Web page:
Looking Back at ALA's First In-Person LibLearnX Conference

ALA’s second annual LibLearnX conference (the first to be held in person) took place on January 28-30 in New Orleans, Louisiana, where the topics of censorship, equity, and activism permeated the event’s programming.

LibLearnX attendees
Event Photography of North America Corporation (EPNAC)


In its second year, and the first year in person, the American Library Association (ALA) LibLearnX conference brought together librarians, publishers, and creators in New Orleans for a weekend of panels, programming, and interactive discussions, culminating in the annual announcement of the Youth Media Awards. Approximately 1,700 librarians and library workers made their way to the Big Easy as the city launched its Mardi Gras season.

Sessions covered a broad range of topics and formats, including librarian-led presentations that engaged participants with audience Q&As and small-group discussions. Children’s book creators including Carole Lindstrom and Steph Littlebird (My Powerful Hair), Brian Selznick (Big Tree), and Willie Mae Brown (My Selma) presented their newest titles.

Censorship, equity, and activism were prevalent themes among the featured presentations and smaller sessions.


“You may knock me down nine times, but I get up 10”

Ibram X Kendi and Nic Stone (Opening session speaker)
Event Photography of North America Corporation (EPNAC)

The conference opened Saturday, January 28, with introductory remarks from ALA president Lessa Kanani’opua Pelayo-Lozada underscoring that 2022 saw the highest recorded number of attempts to ban or restrict library materials since ALA began tracking these stats more than 20 years ago.

The program continued with a keynote conversation between Ibram X. Kendi and YA and middle grade novelist Nic Stone, moderated by director of Indianapolis Public Library’s Center for Black Literature & Culture Nichelle M. Hayes, about their new book, How to Be a (Young) Antiracist. Kendi and Stone discussed the collaborative process of adapting Kendi’s 2019 bestseller for young readers. They emphasized the book’s accessibility for a teen audience that is actively seeking information about racial justice and how to make change.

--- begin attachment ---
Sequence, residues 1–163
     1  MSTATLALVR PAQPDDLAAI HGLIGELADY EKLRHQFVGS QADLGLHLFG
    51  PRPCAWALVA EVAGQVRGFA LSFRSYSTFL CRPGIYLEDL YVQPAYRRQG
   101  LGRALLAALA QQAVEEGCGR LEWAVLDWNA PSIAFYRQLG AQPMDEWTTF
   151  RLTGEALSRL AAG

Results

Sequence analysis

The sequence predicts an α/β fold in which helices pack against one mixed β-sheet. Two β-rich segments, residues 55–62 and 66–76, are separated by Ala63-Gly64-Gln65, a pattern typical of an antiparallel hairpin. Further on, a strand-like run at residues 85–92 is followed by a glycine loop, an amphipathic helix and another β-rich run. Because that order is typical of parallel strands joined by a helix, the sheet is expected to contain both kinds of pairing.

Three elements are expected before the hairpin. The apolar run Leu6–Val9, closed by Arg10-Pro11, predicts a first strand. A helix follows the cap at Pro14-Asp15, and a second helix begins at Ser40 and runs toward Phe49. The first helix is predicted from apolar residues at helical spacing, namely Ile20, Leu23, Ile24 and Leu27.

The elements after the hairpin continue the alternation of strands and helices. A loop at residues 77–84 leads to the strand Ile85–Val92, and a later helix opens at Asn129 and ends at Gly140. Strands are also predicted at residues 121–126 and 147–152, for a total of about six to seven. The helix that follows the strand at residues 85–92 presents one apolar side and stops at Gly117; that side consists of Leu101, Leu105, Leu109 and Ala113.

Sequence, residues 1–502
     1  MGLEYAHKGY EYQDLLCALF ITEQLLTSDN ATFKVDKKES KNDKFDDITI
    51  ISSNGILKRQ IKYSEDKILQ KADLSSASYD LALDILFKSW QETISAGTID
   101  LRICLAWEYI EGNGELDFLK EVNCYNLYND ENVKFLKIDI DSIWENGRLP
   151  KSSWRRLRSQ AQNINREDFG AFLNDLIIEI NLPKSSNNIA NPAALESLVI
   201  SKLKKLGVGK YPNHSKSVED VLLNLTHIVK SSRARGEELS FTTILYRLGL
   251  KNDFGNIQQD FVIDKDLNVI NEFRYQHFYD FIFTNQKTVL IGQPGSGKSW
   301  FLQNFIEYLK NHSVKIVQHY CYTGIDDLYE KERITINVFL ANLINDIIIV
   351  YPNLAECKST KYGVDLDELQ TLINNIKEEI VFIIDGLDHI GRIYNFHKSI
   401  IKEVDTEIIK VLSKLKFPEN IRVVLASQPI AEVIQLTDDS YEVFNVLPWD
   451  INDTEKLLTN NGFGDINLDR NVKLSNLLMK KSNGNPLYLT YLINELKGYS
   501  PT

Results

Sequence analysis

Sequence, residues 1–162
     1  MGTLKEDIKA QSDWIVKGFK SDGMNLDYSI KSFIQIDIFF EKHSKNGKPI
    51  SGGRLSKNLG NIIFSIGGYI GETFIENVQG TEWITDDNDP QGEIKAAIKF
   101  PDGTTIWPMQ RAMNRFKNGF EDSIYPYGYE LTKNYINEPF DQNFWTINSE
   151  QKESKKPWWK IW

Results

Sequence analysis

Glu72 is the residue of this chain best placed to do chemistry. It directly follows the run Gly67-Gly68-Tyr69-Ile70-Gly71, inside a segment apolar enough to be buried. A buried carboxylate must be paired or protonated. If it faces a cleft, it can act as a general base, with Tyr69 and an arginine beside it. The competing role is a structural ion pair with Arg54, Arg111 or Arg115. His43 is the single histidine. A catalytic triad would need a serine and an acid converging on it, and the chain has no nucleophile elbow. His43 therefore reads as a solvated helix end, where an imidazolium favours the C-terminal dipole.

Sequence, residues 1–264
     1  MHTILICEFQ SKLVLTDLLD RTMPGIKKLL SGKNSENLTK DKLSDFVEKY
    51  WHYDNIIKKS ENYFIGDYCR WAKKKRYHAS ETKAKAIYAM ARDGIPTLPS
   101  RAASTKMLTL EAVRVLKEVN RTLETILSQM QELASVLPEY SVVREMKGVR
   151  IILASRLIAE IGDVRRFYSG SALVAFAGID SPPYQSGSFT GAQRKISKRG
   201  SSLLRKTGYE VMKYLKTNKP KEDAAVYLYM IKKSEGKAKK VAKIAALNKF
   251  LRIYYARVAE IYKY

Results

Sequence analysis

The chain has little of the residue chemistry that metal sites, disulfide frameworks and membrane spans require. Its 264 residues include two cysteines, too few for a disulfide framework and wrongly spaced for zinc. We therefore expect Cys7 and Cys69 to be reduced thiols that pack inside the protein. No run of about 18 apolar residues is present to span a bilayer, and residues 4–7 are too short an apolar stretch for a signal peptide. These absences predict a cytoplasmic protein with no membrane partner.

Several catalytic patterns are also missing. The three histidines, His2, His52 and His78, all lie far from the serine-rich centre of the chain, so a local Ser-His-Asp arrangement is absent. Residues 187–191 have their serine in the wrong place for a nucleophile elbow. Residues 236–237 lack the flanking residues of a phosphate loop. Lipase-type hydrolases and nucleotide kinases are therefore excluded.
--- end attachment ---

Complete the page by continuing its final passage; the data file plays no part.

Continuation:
Why completely revise and tailor the book for teens?

“Young people have zeal and focus. As we get older and have to do things like pay bills, they still have the time and energy to effect change,” Stone explained.

That discussion set the stage for a weekend in which defending books and book access against challenges and censorship, along with cultivating spaces for community care and activism, were recurring themes.

A mainstage session on Sunday assembled a panel of librarians for “Library Workers: Organize and Activate.” Panelists Candice (Wing-yee) Mack, Elizabeth Martinez, Lesley Garrett, and SLJ School Librarian of the Year K.C. Boyd described how they became involved in activism. Mack thanked Martinez for her work in establishing the ALA Spectrum Scholarship program, which allowed Mack to attend the 2006 ALA conference in New Orleans, where she volunteered in libraries damaged by Hurricane Katrina.

Panelists described how activism in a library context can take many forms—from social media campaigns to raise awareness about social justice programming and library fundraising efforts to keeping up momentum to ensure virtual accessibility for programming. Boyd, referencing Cardi B. lyrics, said that despite some losses along the way, librarians should keep fighting no matter how many times they “get knocked down.”



A powerful session on Saturday, January 28, featured a panel of Louisiana librarians (names withheld by request) alongside representatives from the Freedom to Read Foundation and the Tulane University School of Law to present firsthand accounts of challenges across Louisiana parishes, and to prepare attendees with information and resources they might need if and when similar challenges reach their libraries. Panelists emphasized the vital importance of community participation in these efforts, citing the role of citizens in defending books and book displays during school board and open meeting discussions.